To end the week, first notice day on the December contract is November 15th, longs will exit or roll their positions. The Commitment of Traders data after the close Friday will also help us see how traders are positioning themselves as we move to the March contract and focus on the new year.

Traders will continue to monitor supply/demand and weather in key growing regions. If the currencies come back into play, look for activity in the Euro or Pound to add to current support levels.

If you have any questions or would like to discuss the markets further, please feel free to contact me at 800-826-4124 or pmooses@rjofutures.com.
Softs - Coffee Showing Strength

With U.S. stocks still trading at historic highs, a risk-on mentality has taken hold of the already bullish December coffee futures market. We continue to see that fundamentals such as a strong Brazilian currency over the past month, coupled with an ongoing poor weather outlook from key growing areas of Brazil have sparked some solid buying support to December coffee prices. Our friends at The Hightower Group have commented that “Vietnam’s Department of Customers said that their nation’s October coffee exports came in at 87,497 tonnes (1.485 million bags) which was down 5.3% from September and below government estimate of 100,000 tonnes (1.67 million bags).”

On the technical side, an impressive rally with a subsequent expected pullback shows all the signs of higher prices for December coffee in the long term.  A break above the critical 103 resistance level was impressive, and as a result, sparked aggressive buying over the last week. We are likely to continue in an uptrend after this pullback. It may be a great time for bulls to jump in again once the pullback reaches 103 support again.

Agricultural - Grain Futures Update w/Stephen Davis - 11/15/2019

RJO Futures Senior Market Strategist discusses this week's movement in the grain market. Stephen also discusses his six "power points" regarding the direction of the grain markets.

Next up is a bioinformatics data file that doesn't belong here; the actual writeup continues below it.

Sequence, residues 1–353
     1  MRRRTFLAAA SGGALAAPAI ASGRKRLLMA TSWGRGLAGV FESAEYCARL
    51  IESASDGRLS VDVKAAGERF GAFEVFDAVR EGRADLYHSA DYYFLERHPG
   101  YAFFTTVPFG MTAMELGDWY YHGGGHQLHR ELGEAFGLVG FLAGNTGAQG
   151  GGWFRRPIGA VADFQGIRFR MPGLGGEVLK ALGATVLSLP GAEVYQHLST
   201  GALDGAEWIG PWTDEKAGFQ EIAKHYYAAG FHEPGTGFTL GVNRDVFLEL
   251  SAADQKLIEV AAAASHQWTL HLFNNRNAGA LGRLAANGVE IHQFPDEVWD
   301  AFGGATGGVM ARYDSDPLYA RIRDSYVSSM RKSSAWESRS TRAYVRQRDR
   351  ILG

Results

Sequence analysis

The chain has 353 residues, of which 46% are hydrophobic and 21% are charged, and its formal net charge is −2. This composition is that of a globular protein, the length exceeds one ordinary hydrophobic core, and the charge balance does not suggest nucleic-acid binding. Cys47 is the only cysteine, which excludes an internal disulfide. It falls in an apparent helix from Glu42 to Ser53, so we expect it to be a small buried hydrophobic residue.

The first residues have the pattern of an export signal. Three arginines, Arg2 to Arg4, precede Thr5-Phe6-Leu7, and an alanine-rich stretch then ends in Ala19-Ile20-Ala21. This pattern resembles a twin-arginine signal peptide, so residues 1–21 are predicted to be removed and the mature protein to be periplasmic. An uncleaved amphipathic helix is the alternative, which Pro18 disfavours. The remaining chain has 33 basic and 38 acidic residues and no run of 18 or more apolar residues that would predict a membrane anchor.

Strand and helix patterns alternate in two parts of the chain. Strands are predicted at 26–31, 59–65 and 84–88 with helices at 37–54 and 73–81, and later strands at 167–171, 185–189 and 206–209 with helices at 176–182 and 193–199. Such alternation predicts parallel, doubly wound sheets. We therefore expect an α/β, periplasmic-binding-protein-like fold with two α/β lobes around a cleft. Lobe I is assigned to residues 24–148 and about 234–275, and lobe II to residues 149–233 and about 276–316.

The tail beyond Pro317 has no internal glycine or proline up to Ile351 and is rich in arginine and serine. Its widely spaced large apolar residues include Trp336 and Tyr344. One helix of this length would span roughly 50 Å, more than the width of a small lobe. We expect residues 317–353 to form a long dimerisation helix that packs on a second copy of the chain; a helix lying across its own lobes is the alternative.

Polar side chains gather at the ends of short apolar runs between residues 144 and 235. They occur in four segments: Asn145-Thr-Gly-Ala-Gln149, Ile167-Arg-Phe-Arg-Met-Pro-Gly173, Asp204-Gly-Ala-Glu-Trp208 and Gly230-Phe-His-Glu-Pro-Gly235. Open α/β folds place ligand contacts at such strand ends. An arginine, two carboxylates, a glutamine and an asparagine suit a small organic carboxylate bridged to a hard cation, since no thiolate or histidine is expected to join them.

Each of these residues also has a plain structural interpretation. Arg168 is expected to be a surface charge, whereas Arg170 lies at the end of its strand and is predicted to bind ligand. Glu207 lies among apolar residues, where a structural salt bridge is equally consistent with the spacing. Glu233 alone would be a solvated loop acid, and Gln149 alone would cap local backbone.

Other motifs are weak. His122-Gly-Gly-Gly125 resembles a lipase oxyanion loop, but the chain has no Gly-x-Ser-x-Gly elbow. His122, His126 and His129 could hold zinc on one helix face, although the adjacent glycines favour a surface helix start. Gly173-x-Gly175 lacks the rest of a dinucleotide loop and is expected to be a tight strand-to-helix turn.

Currency - U.S. Dollar Bulls Remain Resilient

U.S. dollar futures are 20 points lower Thursday afternoon, but the greenback is holding psychological support at the 98 level. America’s currency remains in an uptrend on the chart despite its recent correction, which adds fuel to the bull camp because it maintained support above the valid trendline and did not close beneath the 97-pivot point. The Fed’s announcement of liquidity injection is what set the correction path for the dollar, but that news is priced in at this point. Furthermore, Powell’s testimony this week hinted at a pause in the rate cut cycle (higher rates means a stronger domestic currency). The CME puts the odds of a December rate cut at just 3.7%. From a relative perspective, our rates are still higher than those of other developed economies, which attracts foreign investors to American assets thus keeping the demand for dollars strong. I believe any dips in the dollar will be short-lived, and the trend projects a test the 100 level in early January. Foreign currencies, namely the European currencies, will move to the downside should the dollar’s uptrend remain intact. The Japanese yen has found strength this week but will likely struggle to hold trade above 92.50. One thing has proven true time after time; demand for the US Dollar is not going anywhere anytime soon.